Assessing the situation that confronted defendant herein, we first address the amount of force used by the officer, starting with the drawn weapon. The Second Circuit Court of Appeals has said "there is no hard and fast rule concerning the display of weapons" in investigative stops. United States v. Harley, 682 F.2d 398, 402 (2d Cir.1982). That court has established the following factors in determining whether the display of a weapon by a police officer automatically converts a stop into an arrest: (1) the nature of the crime under investigation, (2) the degree of suspicion, (3) the location of the stop, (4) the time of day, and (5) the reaction of the suspect on the approach of the police. See United States v. Nargi, 732 F.2d 1102, 1106 (2d Cir.1984). In Nargi, the court found that under the totality of the circumstances the police had sufficient specific and articulable facts to justify a brief police detention of Nargi's van. Nargi argued, however, that even if the police had reasonable grounds for detaining him, their actions in doing so were so intrusive as to convert the investigatory stop into an arrest. Specifically, he pointed to the fact that two of the three officers had their weapons drawn when his van was stopped. Using the factors listed above, the court considered that the suspected crime was a serious felony, there were solid grounds for the officers' suspicions of large-scale marijuana trafficking, that courts have repeatedly recognized that weapons are often used by persons engaged in such offenses, and that the stop took place at night in a dark, isolated part of the airport. Under these circumstances, the court found the officers were justified in acting cautiously and having two weapons drawn since there were articulable grounds for fearing danger. It held that the officers' behavior did not amount to an arrest. Id.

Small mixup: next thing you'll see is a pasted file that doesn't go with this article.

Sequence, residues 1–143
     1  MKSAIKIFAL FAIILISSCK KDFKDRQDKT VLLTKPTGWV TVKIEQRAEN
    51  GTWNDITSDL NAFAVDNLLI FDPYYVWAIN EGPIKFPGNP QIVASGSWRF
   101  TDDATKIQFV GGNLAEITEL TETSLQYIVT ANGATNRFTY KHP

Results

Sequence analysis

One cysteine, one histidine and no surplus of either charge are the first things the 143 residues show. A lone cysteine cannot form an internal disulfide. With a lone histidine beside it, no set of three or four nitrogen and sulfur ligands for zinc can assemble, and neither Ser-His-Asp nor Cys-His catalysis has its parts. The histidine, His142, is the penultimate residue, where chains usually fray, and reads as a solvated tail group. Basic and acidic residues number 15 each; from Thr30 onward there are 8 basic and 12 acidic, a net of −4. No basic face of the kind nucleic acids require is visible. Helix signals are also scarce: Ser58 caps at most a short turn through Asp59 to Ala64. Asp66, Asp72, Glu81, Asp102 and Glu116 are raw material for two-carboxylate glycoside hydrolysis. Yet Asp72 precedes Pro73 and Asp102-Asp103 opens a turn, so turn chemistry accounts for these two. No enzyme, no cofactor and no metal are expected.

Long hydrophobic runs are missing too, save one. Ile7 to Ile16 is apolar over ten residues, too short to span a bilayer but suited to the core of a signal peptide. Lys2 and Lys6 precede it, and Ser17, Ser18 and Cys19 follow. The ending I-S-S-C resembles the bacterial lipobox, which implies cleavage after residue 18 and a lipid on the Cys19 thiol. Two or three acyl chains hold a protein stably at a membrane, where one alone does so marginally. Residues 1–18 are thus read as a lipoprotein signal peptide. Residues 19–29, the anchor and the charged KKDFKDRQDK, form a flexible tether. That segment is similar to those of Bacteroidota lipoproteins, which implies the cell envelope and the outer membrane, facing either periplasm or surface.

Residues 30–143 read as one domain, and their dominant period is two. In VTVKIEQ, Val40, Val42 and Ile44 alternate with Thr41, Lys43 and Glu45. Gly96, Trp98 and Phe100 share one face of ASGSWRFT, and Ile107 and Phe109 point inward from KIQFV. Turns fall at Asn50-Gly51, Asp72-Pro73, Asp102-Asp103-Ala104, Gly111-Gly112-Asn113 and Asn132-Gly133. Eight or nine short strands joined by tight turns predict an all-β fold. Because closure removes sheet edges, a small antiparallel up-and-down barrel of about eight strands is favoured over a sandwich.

In Perea, the court concluded that the initial stop of the cab in which the defendant was riding was not an arrest, but rather was a lawful Terry stop because the United States Customs Service and the United States Drug Enforcement Agency agents, given their surveillance observations, had a reasonable suspicion of criminal activity. 986 F.2d at 644. Further, it held that the fact that the officers approached with guns drawn in order to protect themselves and bystanders on the street did not necessarily "transmute a Terry stop into an arrest." Id. (citing United States v. Alexander, 907 F.2d 269, 272 (2d Cir.1990) ("law enforcement agent, faced with the possibility of danger, has a right to take reasonable steps to protect himself and an obligation to ensure the safety of innocent bystanders,...